Two women, one review, seven reports. One promise.
In October 2016, after listening to children and young people in care, Nicola Sturgeon announced, “an independent, root and branch review of the care system” to look at “the underpinning legislation, practices, culture and ethos”.
The Independent Care Review began its work in February 2017. It has been led, from the start, with fierce humanity, by Fiona Duncan. And tomorrow, she will ask the First Minister to keep The Promise.
During the Review’s three years, Nicola Sturgeon has fulfilled the challenge she set herself at its outset to listen to the voices of 1000 care experienced young people. In that time, the Review has listened to 5,500 experiences from everyone involved in the system.
In a serendipitous moment last week, I found myself thinking about the Review while watching Netflix, listening to the words of 18-year-old Marie Adler in the crime series, Unbelievable.
Talking to a stranger is not awkward, Adler tells her counsellor. ‘Not to me.’
‘You think I’ve never seen someone like you before?’ she continues. ‘I’ve been in the system since I was three. I’ve seen social workers, department of children and family reps, foster care placement officers…and they all say they want to help me. But I don’t need help. I just need bad things to stop happening to me.’
Unbelievable is based on a true story. In 2008, Marie (played by Kaitlyn Dever) was the victim of a vicious sexual assault. She reported it to the police, but they didn’t believe her.
Marie started doubting herself and recanted her accusation. She was fined $500 for false reporting and was sent to the counsellor as part of her conviction.
Marie reminded me, in an instant, of Brian. Brian (not his real name) was a 14-year-old boy who I interviewed as part of a research study in 2005. He was one of 21 children and young people who I spoke to about their experiences of advocacy and participation in the Children’s Hearings System.
I was explaining to Brian, as part of the process of obtaining informed consent, that I was an independent researcher, not employed by the Children’s Reporters Administration or the social work department.
But Brian was one step ahead of me. World-weary and wise beyond his malnourished years, Brian had been talking to professionals all his life. He could work out who we were and weren’t.
I remember every single one of those children and young people. But to Brian, I was just another man with a briefcase, and a tape recorder, asking him to tell his story. Again.
Brian and Marie, thousands of miles apart, their lives different in myriad ways, had one fundamental thing in common. They were in what has become known as ‘the system.’ They had been all their lives. And they had been telling professionals stories all their lives.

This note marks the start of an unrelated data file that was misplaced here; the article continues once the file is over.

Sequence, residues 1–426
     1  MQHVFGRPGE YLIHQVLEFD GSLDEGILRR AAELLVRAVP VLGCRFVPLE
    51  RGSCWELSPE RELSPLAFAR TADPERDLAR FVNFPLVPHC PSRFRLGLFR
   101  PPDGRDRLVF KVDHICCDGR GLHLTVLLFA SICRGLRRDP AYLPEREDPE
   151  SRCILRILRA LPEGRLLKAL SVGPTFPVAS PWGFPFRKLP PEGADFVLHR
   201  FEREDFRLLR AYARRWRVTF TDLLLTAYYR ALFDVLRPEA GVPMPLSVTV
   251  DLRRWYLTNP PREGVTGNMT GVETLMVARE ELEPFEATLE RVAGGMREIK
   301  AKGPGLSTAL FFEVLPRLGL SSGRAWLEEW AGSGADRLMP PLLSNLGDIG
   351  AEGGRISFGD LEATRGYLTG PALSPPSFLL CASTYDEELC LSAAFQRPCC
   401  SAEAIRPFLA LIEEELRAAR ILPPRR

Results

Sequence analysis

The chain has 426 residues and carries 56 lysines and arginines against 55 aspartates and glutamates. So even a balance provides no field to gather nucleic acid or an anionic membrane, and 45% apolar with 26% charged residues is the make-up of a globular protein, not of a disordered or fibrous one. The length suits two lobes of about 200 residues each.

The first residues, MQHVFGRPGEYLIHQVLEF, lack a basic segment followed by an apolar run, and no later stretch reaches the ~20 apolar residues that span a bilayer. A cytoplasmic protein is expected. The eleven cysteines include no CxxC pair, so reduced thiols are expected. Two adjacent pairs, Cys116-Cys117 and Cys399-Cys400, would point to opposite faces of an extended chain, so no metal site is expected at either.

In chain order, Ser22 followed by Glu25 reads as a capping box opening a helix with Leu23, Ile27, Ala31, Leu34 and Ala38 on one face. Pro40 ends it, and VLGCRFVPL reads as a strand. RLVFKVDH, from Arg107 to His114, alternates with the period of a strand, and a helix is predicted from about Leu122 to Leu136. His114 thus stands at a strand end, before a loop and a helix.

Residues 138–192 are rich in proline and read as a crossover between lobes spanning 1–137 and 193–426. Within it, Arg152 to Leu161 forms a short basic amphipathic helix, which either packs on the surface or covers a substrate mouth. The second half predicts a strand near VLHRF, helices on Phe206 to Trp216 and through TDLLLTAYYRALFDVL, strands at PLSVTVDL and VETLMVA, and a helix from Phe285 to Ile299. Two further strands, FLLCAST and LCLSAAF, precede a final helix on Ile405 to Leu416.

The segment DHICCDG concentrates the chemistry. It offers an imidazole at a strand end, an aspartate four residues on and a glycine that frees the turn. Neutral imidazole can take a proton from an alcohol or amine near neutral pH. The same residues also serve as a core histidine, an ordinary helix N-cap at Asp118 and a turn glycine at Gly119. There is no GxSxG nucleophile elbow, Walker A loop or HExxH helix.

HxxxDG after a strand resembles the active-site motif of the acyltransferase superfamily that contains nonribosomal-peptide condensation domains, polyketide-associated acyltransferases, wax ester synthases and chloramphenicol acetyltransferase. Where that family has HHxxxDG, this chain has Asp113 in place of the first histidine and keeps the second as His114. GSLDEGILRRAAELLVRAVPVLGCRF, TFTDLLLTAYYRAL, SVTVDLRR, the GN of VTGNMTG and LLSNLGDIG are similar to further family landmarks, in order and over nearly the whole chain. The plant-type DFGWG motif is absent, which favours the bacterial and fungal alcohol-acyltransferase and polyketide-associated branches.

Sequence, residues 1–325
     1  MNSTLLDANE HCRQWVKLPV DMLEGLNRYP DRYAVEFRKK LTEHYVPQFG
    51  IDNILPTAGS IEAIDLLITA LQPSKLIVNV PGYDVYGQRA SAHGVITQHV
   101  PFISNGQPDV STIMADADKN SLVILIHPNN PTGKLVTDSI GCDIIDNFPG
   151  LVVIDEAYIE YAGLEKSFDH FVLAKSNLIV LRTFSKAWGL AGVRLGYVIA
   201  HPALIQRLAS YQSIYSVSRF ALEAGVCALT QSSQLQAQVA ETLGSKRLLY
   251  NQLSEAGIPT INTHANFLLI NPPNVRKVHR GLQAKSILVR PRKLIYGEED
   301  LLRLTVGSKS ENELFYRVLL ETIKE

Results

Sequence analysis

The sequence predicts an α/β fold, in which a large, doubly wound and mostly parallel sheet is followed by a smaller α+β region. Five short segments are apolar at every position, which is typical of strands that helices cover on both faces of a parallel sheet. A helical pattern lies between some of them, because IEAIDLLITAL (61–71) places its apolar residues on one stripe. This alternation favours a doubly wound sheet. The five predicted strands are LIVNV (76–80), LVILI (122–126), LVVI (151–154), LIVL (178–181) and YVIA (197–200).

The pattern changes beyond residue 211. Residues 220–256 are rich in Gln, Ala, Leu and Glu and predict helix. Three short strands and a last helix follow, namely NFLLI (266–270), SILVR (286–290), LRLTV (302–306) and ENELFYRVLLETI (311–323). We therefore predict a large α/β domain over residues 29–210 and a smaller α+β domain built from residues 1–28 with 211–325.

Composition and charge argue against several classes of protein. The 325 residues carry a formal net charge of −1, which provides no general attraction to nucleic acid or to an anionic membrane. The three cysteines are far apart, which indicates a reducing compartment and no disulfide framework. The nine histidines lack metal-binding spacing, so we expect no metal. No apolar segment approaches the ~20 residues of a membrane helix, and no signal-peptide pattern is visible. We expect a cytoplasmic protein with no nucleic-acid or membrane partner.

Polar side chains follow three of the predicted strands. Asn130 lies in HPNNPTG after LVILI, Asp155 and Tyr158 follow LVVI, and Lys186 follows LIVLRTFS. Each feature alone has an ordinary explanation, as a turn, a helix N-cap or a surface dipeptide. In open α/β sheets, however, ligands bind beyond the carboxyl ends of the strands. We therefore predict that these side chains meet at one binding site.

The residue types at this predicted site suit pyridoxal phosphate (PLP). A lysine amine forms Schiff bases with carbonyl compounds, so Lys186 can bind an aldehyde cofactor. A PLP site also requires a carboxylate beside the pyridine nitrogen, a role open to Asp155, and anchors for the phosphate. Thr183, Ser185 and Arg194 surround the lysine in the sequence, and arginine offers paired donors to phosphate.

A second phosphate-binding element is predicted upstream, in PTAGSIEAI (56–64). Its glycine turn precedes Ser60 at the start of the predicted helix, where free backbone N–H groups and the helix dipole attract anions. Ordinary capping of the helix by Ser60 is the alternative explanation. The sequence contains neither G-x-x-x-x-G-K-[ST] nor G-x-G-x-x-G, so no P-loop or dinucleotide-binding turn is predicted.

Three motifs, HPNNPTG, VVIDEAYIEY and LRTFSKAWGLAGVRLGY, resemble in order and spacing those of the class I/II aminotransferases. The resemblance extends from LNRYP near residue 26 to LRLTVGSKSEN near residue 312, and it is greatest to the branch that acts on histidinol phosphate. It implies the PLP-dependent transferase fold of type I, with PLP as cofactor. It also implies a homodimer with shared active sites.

My own experience of the care system — in England — as a child, was a minor skirmish compared to Marie and Brian’s. But it has never left me.
The launch of the Independent Care Review’s conclusions tomorrow is a landmark moment for Scotland. We don’t yet know what those conclusions are. But we do know one thing. They are born out of the testimonies of children and young whose lives have been framed by ‘the system.’
We know there will be seven publications and that the first of those will be The Promise.
‘Promise’ is a small word with huge significance. A promise is a declaration that something will be done, an express assurance on which expectation is to be based. Promises don’t mean anything unless they are kept. And this one must be.
Children and young people have been telling people like me their stories for decades. We have asked our questions with the best of intentions — to make policy better.
And sometimes, we have made policy better. Sometimes, it has even resulted in improved practice and more effective delivery of services.
I have met children and young people who have been cared for well by the care system. Listened to. Believed. Loved.
But I also know that all that prodding around in countless lives has, in the end, left a system in place which is failing thousands of children and young people. And like Marie, bad things keep happening to them.
According to official figures, there are 14,738 young Scots currently in care. Thirty per cent of them will become unemployed; 45 per cent will suffer mental health issues; six per cent will become homeless. Fiona Duncan has described the system, at its worst, as a ‘manufacturing plant for homelessness.’
We don’t have to know what the Review’s conclusions are to understand that keeping The Promise will require institutional leadership on an unprecedented scale. The system is replete with institutions — local and national, across sectors. And they have all said they are on board.
When the Review’s conclusions are launched, they will get the opportunity to demonstrate that by saying that they will keep The Promise. And keeping The Promise will mean that every one of them will have to change. Not a tweak here or a twist there, but transformation — structural, cultural and financial.
Transformation is a big word. We have heard it countless times before. This time, we must mean it. And that will require political leadership too.
Tomorrow, Fiona Duncan will pass the baton back to Nicola Surgeon. The circle will be complete and yet the journey will scarcely have begun. It will be in the embrace of institutional and political leadership in the years to come that The Promise will be kept, or not.
Keeping it will take time and courage — across parties and political administrations — for a decade. This is not a quick fix. But as Fiona Duncan has reminded us with characteristic candour these past few days, it is urgent.
And from tomorrow, Scotland’s care experienced children and young people will be watching and waiting — for The Promise to be made real.